Amazon Prime Shipping Getting Faster - Analysts See Challenges for Rivals
As reported by Barrons, news of a whopping $3.56 billion in quarterly profits triggered a significant gain in Amazon.com stock, but a handful of analysts also welcomed planned changes to its shipping policies, raising their price targets for the shares.
Amazon reported the results as cash rolled in from its high-margin cloud and advertising businesses.
In its retailing operation, it said, it will spend $800 million in the current quarter to reduce delivery times for customers using its Prime service to one day from two.
Amazon's One-Day Delivery Plan is a Shot Across the Bow of Retailers
In the video (to the right) Deren Baker, Jumpshot chief executive officer discusses Amazon.com Inc.'s plans to spend $800 million in the current quarter to reduce delivery times for top customers to one day from two. He speaks with Bloomberg's Emily Chang and Brad Stone on "Bloomberg Technology." (Source: Bloomberg)
In further reporting, Bloomberg's Brad Stone writes that the "Amazon’s One-Day Shipping Is a Perk Few Retailers Can Match."
"The move eclipsed both the day’s good news (a larger than expected quarterly profit) and the bad (dramatically slowing sales growth). It set Wall Street’s Amazon watchers into a mad scramble to calculate the impact of the projected $800 million it will take over the next few months alone to achieve the accelerated shipping feat." Stone said.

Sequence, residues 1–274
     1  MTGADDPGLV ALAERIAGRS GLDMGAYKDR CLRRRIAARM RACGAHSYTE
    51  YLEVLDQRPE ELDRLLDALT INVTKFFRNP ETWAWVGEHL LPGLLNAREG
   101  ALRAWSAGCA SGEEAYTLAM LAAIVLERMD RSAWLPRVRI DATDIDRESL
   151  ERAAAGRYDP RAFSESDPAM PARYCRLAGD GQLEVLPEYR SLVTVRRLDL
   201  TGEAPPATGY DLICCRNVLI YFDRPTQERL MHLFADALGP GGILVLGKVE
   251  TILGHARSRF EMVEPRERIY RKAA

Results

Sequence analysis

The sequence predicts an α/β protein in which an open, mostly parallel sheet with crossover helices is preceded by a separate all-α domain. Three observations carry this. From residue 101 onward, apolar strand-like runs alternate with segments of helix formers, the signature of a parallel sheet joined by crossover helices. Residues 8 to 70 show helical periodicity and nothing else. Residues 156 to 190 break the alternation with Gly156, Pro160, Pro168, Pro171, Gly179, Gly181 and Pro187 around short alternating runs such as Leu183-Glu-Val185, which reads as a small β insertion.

But Amazon’s announcement likely registered even more loudly in the halls of its competitors: e-commerce companies and old-line retailers that will now have to start investing just as furiously to keep up. For some of them, Thursday’s news was an ominous sign of challenging times ahead.
Over the past few years, two-day shipping had become an industry standard, embraced by Amazon’s rivals and by shoppers who were spoiled by the expectation of speedy delivery times.
Walmart Inc. launched two-day shipping without an annual membership fee in 2017 for orders over $35. Target Corp. introduced it last year over the holidays. If anything, Prime’s $129 price tag, which entitles members to a selection of movies, TV shows, music, and ebooks, was starting to look a little hefty.
Read: Could Amazon Be Worried About The “Walmart Effect”?
Bloomberg's Rita Devlin and Matthew Boyle's article "Walmart Teases One-Day Free Shipping in Response to Amazon" claims that the retail giant appeared to be taking a jab at its rival with a tweet on Friday, teasing one-day free shipping without a membership fee.
“One-day shipping is neither shocking nor difficult for retailers at scale,” Brandon Fletcher, an analyst at Sanford Bernstein, said in a note Friday.
Fletcher, who previously worked in Walmart’s strategy and operations departments, said the retailer’s existing network of 156 distribution centers, combined with the fact that much of the U.S. population is concentrated in urban areas, means that it wouldn’t require much investment to build out a one-day service. He cited previous research conducted by consultants A.T. Kearney - where Fletcher also briefly worked a decade ago - that showed Walmart could get to one-day shipping with only eight additional distribution facilities.
Read: 2018 Letter to Shareholders by Jeff Bezos
Analysts Welcome Planned Changes to Amazon's Shipping Policies